Monday, May 11, 2009

21. The World According to Garp – John Irving

21. The World According to Garp – John Irving.
History: Published in 1978, the book was a bestseller for several years. Garp's school is based on the Phillips Exeter Academy in Exeter, New Hampshire, of which Irving is an alumnus. His stepfather was a faculty member.
Plot: His mother, Jenny Fields, is a strong-willed nurse; an asexual who wants a child but not a husband, she conceives him by taking advantage of a brain-damaged soldier. Jenny raises young Garp alone, taking a position at a boys' school. Garp grows up, becoming interested in sex, wrestling, and writing fiction—three topics in which his mother has little interest. He launches his writing career, courts and marries the wrestling coach's daughter, and fathers three children. Meanwhile, his mother suddenly becomes a feminist icon after publishing a best-selling autobiography called A Sexual Suspect . Garp marries, and becomes a devoted parent, wrestling with anxiety for the safety of his children and a desire to keep them safe from the dangers of the world. He and his family inevitably experience dark and violent events through which the characters change and grow. .His best friend is a transsexual who was formerly a tight end for the Philadelphia Eagles. Garp struggles vainly to protect the people he loves. His life is both hilarious and ultimately tragic.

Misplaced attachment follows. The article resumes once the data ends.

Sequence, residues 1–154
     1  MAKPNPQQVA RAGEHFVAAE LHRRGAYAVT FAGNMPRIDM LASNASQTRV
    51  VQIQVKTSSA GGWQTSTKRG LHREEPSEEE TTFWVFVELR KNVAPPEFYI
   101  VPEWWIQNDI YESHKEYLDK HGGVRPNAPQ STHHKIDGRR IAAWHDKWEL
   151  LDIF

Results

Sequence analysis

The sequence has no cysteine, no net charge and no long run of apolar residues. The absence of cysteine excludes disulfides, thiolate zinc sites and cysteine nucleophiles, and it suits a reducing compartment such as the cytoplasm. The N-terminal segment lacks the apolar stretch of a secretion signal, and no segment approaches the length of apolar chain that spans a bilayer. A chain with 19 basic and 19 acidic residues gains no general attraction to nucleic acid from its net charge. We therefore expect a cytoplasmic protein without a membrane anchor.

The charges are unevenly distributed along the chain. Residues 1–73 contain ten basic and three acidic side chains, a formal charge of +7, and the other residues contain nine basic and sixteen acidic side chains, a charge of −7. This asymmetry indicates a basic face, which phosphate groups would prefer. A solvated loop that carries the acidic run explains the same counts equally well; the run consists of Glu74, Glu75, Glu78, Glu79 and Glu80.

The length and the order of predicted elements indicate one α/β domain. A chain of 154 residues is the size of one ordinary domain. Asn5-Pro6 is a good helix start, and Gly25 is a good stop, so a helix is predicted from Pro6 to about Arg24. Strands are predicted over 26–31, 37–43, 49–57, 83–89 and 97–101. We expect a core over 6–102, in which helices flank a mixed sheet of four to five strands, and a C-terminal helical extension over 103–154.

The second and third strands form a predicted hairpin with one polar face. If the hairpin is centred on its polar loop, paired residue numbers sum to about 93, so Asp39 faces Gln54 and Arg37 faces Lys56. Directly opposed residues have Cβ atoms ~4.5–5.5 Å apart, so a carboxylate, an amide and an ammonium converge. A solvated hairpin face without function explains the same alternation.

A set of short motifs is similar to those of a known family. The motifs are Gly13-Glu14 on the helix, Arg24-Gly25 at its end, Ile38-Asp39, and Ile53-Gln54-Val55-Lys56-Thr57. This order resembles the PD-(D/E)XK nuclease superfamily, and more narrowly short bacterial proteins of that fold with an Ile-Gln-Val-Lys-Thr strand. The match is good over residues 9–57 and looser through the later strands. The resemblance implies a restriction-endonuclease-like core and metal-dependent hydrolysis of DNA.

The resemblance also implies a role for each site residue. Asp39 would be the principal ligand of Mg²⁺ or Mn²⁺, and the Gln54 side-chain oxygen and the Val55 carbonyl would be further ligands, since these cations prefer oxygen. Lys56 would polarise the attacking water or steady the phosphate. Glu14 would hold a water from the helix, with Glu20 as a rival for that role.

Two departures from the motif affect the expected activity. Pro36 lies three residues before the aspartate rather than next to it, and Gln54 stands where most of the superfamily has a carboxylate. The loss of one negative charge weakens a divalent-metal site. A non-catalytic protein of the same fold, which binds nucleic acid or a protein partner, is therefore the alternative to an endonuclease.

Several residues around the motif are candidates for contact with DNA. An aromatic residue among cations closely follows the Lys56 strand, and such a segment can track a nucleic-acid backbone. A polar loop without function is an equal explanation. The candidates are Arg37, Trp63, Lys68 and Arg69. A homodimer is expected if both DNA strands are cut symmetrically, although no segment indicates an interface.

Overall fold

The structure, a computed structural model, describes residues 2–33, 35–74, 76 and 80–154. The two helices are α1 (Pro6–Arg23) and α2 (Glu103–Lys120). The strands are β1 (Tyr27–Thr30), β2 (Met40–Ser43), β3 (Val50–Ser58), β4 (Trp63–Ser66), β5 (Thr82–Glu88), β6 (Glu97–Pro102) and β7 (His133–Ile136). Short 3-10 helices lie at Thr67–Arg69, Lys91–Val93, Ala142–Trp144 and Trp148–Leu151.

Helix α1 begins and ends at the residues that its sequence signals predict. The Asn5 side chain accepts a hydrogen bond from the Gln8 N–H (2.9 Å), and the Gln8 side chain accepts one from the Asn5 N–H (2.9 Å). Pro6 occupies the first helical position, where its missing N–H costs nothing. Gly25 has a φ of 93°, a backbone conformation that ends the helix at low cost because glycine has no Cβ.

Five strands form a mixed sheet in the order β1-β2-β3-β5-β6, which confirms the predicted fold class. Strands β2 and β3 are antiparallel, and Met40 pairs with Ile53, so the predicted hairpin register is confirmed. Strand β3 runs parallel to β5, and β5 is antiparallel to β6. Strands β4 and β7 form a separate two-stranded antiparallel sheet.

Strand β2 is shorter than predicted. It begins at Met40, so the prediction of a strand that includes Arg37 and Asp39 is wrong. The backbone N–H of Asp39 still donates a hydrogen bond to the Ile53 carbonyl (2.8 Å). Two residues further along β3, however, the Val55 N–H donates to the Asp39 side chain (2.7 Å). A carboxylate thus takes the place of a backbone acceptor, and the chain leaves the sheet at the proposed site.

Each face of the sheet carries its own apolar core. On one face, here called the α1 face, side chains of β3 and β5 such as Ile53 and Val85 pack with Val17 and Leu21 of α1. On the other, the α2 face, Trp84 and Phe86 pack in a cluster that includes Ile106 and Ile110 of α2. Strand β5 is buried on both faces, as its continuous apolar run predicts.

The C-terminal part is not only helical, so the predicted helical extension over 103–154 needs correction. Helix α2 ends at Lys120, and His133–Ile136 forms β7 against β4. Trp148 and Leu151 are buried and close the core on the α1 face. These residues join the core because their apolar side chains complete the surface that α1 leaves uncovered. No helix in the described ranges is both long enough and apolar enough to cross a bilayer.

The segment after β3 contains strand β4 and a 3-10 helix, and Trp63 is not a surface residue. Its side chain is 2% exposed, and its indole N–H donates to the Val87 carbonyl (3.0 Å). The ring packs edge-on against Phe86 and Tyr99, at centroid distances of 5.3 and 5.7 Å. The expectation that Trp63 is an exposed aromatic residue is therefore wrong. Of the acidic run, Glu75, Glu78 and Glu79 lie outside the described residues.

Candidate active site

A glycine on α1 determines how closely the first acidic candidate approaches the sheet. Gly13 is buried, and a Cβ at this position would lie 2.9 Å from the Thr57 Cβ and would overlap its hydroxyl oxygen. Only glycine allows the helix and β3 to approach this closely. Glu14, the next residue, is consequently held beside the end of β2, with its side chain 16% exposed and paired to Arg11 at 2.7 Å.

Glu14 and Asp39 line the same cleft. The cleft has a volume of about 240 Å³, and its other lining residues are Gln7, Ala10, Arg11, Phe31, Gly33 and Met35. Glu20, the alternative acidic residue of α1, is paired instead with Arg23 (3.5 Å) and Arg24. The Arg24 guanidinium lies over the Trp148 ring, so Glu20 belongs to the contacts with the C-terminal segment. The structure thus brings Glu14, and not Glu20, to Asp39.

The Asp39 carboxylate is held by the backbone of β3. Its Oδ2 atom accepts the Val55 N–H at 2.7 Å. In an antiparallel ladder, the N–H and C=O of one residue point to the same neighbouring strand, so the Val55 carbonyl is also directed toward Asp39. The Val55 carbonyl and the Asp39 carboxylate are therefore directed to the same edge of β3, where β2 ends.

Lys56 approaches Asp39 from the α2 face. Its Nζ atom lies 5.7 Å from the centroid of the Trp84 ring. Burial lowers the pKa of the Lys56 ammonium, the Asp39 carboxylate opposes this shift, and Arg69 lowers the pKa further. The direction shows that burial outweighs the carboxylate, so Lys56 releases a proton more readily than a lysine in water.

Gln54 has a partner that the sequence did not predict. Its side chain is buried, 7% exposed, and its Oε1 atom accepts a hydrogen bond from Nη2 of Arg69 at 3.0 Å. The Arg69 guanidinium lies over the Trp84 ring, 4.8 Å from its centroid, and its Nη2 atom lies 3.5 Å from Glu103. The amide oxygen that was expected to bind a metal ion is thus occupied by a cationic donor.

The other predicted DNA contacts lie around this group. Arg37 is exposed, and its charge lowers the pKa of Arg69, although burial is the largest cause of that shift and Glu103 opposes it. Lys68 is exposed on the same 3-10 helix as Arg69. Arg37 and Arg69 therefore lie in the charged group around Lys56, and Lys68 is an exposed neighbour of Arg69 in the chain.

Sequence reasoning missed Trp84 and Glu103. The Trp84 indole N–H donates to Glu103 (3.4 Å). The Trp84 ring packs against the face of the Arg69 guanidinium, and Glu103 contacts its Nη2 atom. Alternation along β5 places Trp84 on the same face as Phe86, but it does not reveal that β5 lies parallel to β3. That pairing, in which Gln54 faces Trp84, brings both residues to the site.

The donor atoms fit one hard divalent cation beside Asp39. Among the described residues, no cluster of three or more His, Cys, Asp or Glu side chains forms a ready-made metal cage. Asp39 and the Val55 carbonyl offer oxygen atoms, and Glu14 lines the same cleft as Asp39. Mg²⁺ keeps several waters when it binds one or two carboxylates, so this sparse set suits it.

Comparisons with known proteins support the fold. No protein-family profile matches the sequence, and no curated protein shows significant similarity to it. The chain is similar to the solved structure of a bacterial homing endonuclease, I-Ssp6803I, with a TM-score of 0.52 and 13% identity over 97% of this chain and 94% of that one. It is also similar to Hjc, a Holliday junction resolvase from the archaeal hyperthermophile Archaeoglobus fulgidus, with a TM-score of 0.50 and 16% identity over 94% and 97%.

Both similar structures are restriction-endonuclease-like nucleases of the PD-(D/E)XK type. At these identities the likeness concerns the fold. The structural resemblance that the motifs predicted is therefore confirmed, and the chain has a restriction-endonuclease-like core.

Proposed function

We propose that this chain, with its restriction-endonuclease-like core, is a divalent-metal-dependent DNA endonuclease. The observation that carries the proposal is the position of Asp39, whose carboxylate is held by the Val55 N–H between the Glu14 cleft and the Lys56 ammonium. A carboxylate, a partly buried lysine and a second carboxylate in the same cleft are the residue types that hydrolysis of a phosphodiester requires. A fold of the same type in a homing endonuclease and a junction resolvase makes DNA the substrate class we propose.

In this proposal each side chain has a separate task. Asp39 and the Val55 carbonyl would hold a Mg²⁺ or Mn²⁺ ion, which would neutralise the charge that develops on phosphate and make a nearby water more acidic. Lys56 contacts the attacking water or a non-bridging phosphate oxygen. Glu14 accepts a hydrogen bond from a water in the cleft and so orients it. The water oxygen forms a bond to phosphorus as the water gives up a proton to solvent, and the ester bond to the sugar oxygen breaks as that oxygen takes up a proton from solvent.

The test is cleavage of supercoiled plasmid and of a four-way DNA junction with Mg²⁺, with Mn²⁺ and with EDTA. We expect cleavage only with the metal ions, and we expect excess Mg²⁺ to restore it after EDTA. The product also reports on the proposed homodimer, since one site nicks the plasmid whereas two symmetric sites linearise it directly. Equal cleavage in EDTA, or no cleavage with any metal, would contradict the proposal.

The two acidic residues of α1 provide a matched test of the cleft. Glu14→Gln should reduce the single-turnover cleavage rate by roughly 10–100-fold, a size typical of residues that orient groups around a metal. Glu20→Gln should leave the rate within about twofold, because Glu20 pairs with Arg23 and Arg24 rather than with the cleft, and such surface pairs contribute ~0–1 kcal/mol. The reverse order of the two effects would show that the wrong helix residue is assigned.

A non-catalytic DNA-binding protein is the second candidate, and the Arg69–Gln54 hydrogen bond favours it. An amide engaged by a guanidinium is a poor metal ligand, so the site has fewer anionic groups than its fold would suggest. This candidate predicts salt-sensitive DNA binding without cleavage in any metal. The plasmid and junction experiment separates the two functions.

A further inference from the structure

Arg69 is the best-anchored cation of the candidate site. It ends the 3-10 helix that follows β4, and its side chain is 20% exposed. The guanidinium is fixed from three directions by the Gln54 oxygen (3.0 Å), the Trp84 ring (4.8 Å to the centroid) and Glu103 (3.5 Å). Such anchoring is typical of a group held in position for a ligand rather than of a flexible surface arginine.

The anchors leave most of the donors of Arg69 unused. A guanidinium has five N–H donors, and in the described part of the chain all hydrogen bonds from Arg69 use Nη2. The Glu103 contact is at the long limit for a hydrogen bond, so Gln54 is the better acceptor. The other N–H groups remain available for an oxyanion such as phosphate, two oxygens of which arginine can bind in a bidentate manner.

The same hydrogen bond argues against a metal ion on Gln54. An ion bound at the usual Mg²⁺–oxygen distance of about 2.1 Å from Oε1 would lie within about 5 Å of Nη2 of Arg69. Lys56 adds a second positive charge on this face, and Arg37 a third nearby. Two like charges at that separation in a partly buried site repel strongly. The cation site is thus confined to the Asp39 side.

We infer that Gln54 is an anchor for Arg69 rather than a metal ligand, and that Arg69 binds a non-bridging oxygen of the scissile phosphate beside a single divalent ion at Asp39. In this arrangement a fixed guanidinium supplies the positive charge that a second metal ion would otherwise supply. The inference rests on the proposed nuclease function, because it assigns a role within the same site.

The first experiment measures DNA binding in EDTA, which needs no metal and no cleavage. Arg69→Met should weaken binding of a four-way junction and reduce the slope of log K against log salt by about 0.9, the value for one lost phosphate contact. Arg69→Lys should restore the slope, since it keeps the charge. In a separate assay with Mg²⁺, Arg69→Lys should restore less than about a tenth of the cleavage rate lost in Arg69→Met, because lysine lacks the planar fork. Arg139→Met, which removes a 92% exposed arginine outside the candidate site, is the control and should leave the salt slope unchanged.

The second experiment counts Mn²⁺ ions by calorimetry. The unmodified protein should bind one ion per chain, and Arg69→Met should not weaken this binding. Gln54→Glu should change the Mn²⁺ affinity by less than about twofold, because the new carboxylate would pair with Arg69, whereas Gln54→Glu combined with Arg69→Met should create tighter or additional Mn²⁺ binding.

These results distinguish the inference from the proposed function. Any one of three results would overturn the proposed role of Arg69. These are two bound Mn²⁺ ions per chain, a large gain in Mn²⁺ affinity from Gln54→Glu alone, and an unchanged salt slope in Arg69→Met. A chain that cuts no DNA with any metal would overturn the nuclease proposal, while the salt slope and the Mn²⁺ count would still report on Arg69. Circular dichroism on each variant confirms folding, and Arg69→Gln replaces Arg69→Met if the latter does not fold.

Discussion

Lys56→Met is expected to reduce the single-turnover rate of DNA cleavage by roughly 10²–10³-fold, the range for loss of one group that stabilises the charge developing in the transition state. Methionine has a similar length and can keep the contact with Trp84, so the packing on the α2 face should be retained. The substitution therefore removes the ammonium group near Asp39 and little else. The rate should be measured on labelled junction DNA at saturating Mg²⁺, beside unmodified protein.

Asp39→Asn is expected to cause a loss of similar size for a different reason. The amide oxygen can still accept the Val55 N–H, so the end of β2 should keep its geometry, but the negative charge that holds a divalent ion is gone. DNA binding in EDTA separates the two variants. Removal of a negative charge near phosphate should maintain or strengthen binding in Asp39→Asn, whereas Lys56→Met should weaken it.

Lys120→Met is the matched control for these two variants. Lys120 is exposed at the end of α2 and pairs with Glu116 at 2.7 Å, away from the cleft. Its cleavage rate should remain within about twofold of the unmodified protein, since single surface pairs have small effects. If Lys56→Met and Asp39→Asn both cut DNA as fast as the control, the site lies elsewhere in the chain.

Review: This is the life and times of T. S. Garp, the bastard son of Jenny Fields--a feminist leader ahead of her times. This is the life and death of a famous mother and her almost-famous son; theirs is a world of sexual extremes--even of sexual assassinations. It is a novel rich with ""lunacy and sorrow"" yet the dark, violent events of the story do not undermine a comedy both ribald and robust.I can’t remember when I started reading the John Irving books. They were very popular in the eighties. I did read a string of them at a time. This wasn’t my favorite. I may have read the other two first, but I can’t remember. I didn’t even love this movie, but I thought it was better than the book. It was tragic, it was disconnected, and described a character out of a cartoonish type world that didn’t fit into my idea of fascinating. A readable social commentary with occasional witty moments. The book focuses a lot on sexuality and questions what that is, exploring the issue from a number of different viewpoints.
Opening Line: Garp’s mother, Jenny Fields, was arrested in Boston in 1942 for wounding a man in a movie theater.
Closing Line: But in the world according to Garp, we are all terminal cases.
Quotes: "she recognized the need in boys to devote themselves, mindlessly, to a repetitious physical act. It seemed to relax them."
" can know someone all your life and never quite be friends."-
"Kids are beautiful, man. And they know much more than grownups think they know. Kids are just perfect people until grownups get their hands on them."-
Rating: Okay

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